Adolescents (Ages 11-17)
Your teenager is going through a roller-coaster of emotions. In one moment, they appear happy and content and just before you know it, they are sad, withdrawing, and second-guessing themselves. You have been preparing yourself for this very moment since you were a parent. Your child's teenage years. Maybe this has brought you to think about your own behaviors as a teenager in an effort to empathize with your child or to use yourself as a thermometer and try to understand your child's behaviors. Regardless, raising a teenager is not easy. It is a balance of giving them independence, establishing an appropriate amount of parental control, and managing your own expectations for your child. It is a period of substantial growth and your teenager needs all the help they can get. But be careful not to push them away. This happens quite often!
As a parent, you probably want to dive right in to support your child through emotional, physical, hormonal, and social changes, intervene as they experience their first heartbreak and betrayal from friends, and shelter them from spending time with seemingly "bad influences." Whatever their experiences are, you are probably willing to do what it takes to stop the pain and frustration. It is wonderful that your love and care lead to these feelings but sometimes it creates a barrier. Teenagers are very good at reacting to pressure - either going completely toward it or away from it. What your teenager probably needs is a stable and safe environment/support system along with coping strategies.
Building and maintaining a trusting relationship between you and your teenager will be extremely helpful through this period of instability. The balance may be tricky to find; however, once established, your teenager may have a better moral compass to navigate through peer pressure and risky decisions Having a strong foundation of support and coping strategies for teens is critical to regulating mood, behaviors, and thoughts especially before they transition to young adulthood.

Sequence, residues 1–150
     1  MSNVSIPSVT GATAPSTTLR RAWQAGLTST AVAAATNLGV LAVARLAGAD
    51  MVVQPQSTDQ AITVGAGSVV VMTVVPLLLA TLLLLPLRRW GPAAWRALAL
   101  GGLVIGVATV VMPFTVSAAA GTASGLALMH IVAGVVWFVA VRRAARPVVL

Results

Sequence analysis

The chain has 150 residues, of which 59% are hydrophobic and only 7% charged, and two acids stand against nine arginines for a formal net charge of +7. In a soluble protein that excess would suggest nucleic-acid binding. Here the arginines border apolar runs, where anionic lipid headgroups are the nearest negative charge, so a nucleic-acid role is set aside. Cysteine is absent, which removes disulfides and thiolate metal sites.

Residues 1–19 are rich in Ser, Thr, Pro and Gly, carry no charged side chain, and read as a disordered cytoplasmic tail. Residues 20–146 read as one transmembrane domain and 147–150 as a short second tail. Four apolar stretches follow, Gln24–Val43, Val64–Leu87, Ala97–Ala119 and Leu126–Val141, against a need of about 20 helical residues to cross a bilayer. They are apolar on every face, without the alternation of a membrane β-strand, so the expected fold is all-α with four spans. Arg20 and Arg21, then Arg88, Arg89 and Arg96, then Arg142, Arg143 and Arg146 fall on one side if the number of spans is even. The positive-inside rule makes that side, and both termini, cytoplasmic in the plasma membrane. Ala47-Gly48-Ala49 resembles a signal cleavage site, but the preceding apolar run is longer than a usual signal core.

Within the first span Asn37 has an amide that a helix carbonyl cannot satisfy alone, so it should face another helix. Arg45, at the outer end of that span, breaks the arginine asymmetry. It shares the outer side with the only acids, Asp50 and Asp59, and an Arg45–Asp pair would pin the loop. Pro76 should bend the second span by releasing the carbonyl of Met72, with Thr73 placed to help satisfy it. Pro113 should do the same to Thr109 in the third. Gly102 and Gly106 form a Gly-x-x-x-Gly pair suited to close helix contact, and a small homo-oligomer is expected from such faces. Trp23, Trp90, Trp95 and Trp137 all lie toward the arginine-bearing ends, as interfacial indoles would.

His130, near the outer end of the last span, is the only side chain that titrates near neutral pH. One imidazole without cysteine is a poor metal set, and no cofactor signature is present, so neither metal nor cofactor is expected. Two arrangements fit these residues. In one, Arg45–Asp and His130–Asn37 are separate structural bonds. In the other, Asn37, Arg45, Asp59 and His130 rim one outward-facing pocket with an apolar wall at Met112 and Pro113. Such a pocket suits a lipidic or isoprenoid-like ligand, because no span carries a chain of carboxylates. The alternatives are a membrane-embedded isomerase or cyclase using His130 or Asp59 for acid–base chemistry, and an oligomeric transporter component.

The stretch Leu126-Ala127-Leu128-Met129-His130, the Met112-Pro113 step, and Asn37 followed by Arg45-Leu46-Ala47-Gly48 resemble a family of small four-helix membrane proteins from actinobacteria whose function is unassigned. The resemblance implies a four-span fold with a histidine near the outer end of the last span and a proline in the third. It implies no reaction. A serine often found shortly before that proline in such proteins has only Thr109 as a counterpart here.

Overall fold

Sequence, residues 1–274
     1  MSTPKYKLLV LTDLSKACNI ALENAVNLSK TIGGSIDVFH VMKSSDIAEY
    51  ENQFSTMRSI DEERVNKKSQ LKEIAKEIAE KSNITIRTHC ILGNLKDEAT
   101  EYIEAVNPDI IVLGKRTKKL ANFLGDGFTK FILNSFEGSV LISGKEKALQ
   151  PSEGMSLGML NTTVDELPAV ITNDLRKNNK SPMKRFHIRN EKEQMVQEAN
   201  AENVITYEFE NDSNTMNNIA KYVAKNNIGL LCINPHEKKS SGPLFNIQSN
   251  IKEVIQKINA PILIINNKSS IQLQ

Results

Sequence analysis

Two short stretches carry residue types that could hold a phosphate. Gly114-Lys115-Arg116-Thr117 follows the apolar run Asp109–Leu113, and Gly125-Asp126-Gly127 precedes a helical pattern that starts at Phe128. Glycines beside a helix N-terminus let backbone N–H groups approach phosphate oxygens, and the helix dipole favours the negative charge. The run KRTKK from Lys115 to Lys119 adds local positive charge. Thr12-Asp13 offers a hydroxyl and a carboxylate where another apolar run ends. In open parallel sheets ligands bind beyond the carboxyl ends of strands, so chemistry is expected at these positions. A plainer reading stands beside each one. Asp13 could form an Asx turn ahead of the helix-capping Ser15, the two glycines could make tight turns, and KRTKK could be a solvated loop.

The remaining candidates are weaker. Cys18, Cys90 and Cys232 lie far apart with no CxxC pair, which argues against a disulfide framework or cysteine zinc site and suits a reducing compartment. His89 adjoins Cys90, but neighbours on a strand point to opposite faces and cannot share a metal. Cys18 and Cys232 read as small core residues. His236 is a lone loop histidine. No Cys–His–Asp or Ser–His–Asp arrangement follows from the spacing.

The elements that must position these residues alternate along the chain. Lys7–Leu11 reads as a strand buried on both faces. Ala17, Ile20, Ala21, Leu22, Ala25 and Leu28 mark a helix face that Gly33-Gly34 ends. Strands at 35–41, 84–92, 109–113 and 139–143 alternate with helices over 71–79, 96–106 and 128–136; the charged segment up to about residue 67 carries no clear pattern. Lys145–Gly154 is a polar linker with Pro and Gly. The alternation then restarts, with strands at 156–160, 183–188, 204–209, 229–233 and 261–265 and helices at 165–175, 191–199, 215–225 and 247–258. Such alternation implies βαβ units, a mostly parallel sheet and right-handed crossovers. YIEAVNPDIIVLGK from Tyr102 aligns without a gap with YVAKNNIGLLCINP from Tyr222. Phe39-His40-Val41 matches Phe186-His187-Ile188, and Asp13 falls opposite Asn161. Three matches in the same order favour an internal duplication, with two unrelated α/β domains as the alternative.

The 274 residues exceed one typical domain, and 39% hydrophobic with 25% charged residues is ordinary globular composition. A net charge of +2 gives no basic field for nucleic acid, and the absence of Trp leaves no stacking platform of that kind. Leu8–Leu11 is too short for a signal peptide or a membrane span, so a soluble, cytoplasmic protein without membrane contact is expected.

Adolescents are quite good at hiding symptoms compared to younger children. Pay close attention to:
who they have been in contact with recently,
behavioral changes (e.g., not spending time with a certain group of friends "out of the blue"),
mood changes (e.g., emotional outbursts and/or withdrawal),
talking about harming themselves or others,
changes in sleep and eating habits,
physical issues (e.g., headaches, stomachaches),
changes in academic performance
sources of stress and response to stress (e.g., guilt, shame, embarrassment)
self-talk - how are they viewing themselves and others?
interactions at home - siblings? parents?
What Should I Do If I Suspect That My Teen Has A Mental Health Condition?
Talk to teachers, close friends, relatives, or other caregivers (i.e., their friend's parents) to see if they noticed any changes in your child's behavior. You can also ask them to see what is going on - sometimes, they are responsive or they may shy away from the conversation. Either way, you will get information from your child which should guide your next course of action.